(Mexican marigold), Tectona grandis
(Teak), Tagetus erecta (Marigold), Ricinus
communis (Castor), Calotropis gigantean
(Madar), Cannabis sativus (Hemp),
Curcuma amada (Mango Ginger), Datura
alba (Datura), Eucalyptus globules (Blue
gum), Lantana camara (Lantana), Musa
paradisiacal (Banana), Pongamia pinnata
(Poongam), Parthenium hysterophorus
(Carrot grass). (Verma et al., 2010)
E) Termite control in storage
Hygiene: Termite problems cannot be
solved by the application of hygiene
measures alone, but the prevention of
damage starts from clearing the building
site of a granary from all organic material
that might attract termites, such as wood
and straw. Dig out roots of chopped trees
and shrubs that have been left in the ground
close to the storage structure. Keep the
ground around the building free from any
plant growth. This prevents at the same time
the penetration by rodents. Avoid
construction sites that are infested with
termites or that are close to such areas.
Protection of the Stored Produce with
Traditional Methods: In some regions,
farmers use traditional preventive measures
against termites that include the application
of a layer of wood ash to the base of the
granary and the admixture of toxic or
repellent materials of plant origin to the
grain.
Termite Proofing of the Granary: Termite
barriers are the most effective way of
protecting the storage structures. Some
tropical timbers like teak resist to termite
attack and can be recommended as poles.
The other parts of the construction may be
erected from cheaper wood. Used engine
oil, wood ash or neem leaves or bitter seeds
can also be poured into the pole holes in
order to repel termites.
Concrete or stone platforms resting on
poles made of the same materials provide a
solid basement for grain stores. The
protection can still be improved by fixing
metal termite shields at the junctions
between the poles and the platform. Use
metal that does not corrode easily, for
example aluminium or galvanised iron.
In areas where termites occur regularly,
granaries that are placed directly on the
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ground and made of mixtures of clay with
straw should be avoided because termites
are encouraged to tunnel through the walls.
Use pure mud walls instead of mixing
straw. Underground pits are easily invaded
by termites and should be lined with clay or
soil from termite mounds which is then
fired to harden sufficiently.
Protection of Warehouses: Choose
building sites that are free from any signs of
termite infestation and far from any termite
mounds. Clear the site thoroughly from all
materials of plant origin including roots.
The protection of warehouses against
termite attack must be based on a solid
termite-proof construction.
The ground and the hard-core below
the future warehouse must be properly
tamped down to prevent later cracking of
the floor. A solid concrete base and a floor
cast as a single slab provide the best
protection against the penetration of
subterranean termites. If the floor cannot be
cast as one piece, the joints must be sealed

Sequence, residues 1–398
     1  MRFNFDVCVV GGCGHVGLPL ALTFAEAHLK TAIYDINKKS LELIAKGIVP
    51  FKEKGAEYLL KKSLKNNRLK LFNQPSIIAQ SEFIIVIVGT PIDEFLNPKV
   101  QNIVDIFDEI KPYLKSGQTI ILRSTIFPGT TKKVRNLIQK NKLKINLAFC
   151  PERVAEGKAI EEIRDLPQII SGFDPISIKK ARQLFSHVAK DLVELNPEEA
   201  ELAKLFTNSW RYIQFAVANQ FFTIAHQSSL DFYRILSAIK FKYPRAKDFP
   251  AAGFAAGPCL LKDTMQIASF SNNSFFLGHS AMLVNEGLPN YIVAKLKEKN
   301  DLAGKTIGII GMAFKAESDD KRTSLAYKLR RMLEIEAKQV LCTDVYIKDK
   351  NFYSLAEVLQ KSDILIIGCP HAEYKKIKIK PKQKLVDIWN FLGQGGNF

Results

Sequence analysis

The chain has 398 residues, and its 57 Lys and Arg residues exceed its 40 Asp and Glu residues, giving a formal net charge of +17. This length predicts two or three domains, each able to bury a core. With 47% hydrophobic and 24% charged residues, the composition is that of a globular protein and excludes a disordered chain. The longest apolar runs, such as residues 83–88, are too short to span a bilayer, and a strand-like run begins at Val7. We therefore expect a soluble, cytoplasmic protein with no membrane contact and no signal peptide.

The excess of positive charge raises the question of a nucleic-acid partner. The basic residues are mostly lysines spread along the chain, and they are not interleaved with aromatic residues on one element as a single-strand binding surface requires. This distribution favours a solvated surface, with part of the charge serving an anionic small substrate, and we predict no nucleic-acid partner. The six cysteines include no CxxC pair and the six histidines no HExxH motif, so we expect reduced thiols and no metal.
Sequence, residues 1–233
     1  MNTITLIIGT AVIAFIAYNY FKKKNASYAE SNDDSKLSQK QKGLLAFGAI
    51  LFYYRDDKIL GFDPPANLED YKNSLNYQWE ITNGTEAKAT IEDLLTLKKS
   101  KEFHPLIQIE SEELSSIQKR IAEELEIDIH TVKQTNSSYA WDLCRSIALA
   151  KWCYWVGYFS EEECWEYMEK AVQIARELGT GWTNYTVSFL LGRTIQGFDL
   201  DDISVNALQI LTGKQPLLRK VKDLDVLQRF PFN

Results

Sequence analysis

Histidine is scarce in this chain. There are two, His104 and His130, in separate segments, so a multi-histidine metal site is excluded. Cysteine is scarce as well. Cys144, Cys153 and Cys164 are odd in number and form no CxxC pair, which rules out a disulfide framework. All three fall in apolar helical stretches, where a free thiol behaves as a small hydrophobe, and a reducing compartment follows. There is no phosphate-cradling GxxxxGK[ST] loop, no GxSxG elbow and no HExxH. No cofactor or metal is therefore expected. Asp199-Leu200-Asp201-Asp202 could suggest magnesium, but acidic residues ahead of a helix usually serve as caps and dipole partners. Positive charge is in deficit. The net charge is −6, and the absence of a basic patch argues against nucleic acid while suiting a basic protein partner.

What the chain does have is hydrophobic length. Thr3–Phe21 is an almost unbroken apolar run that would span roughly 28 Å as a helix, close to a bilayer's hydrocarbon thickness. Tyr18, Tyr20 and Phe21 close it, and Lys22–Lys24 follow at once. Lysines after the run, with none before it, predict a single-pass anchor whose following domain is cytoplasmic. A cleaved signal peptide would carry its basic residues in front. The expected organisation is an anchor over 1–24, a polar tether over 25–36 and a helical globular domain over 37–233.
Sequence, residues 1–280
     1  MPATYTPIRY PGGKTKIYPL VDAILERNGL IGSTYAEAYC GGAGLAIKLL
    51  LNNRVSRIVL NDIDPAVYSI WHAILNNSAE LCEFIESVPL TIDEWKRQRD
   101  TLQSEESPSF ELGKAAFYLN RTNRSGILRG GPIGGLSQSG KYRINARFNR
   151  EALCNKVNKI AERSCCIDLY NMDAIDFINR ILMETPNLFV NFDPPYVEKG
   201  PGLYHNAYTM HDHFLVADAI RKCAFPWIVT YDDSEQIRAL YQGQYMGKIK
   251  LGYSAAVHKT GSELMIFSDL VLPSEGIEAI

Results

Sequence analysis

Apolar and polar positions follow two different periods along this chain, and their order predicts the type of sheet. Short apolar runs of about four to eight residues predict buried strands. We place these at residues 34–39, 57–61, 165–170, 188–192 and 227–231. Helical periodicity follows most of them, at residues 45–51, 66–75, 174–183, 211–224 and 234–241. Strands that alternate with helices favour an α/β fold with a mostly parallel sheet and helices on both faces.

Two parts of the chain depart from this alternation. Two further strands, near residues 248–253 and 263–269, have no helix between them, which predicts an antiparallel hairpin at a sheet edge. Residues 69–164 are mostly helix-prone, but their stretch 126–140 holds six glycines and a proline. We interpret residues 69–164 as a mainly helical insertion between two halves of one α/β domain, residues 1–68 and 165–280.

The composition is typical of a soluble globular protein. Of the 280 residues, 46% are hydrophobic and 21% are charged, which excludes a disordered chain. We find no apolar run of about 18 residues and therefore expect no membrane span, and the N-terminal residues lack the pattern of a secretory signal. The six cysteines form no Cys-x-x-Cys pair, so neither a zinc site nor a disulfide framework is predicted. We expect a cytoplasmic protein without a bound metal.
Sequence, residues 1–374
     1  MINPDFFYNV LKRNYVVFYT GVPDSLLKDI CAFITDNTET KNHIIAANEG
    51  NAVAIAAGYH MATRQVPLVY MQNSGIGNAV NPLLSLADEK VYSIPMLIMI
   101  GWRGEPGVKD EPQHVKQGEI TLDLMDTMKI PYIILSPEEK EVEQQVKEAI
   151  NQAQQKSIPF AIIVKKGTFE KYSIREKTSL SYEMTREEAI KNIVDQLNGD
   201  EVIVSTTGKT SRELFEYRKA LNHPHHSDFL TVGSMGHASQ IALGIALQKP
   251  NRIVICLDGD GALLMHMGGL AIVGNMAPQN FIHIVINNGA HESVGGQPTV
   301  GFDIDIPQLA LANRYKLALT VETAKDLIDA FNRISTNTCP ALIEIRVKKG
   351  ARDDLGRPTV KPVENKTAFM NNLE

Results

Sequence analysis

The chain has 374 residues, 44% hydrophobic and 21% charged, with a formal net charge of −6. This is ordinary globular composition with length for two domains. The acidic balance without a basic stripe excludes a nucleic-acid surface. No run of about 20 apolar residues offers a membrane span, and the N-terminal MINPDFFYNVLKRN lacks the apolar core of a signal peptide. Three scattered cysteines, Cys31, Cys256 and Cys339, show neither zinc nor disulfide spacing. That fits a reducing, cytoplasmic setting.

carefully with pitch. Pipes and cables
should be brought in through the walls and
also sealed with pitch. Termite shields
fitted on top of the foundations effectively
prevent termite penetration.
Conclusion
Termites are the most troublesome pest of
agricultural crops and wooden structures.
Although, chemical control is an effective
measure of protection by termites but their
excessive use is harmful for our environment
and the results are not sustainable and also
costlier for farmers. Prevention is the best
feasible and effective option to termite control.
Field especially during crop production period
must be kept in good hygienic condition by
removal of dead plant material like wood,
stalks and any trash.
The extracts of many plants were
found to be effective against termites.
Although some botanicals were not as
effective as chemical but they are nontoxic and
safe for the environment, biodegradable and
renewable source. The use of botanicals and
biocontrol agents are a promising alternative to
chemical control. In order to achieve
sustainable solutions, the protection of storage
structures should be given preference over the
destruction of termite mounds. In order to
prevent damage or curative treatments, regular
inspections of the storage structures are
required for both, traditional granaries and
warehouses.
References
Akutse KS, Owusu EO and Afreh-Nuamah K.
2012. Perception of farmers’
management strategies for termites
control in Ghana. Journal of Applied
Biosciences, 49: 3394– 3405.
Nyeko P and Olubayo FM. 2005. Participatory
assessment of farmers’ experiences of
termite problems in Agroforestry in
Tororo district, Uganda. Agricultural
Research and Extension Network Paper
No. 143.
HDRA report, 2001. Termite Control:
Accessed online at
http://www.gardenorganic.org.uk.
Verma M, Sharma S and Prasad R. 2010. Plant
based, eco-friendly wood preservatives
for termite control. Indian Institute of
Technology, Delhi. (The Sixteenth
Annual International Sustainable
Development Research Conference. 30
May-1 June, 2010, Hong Kong)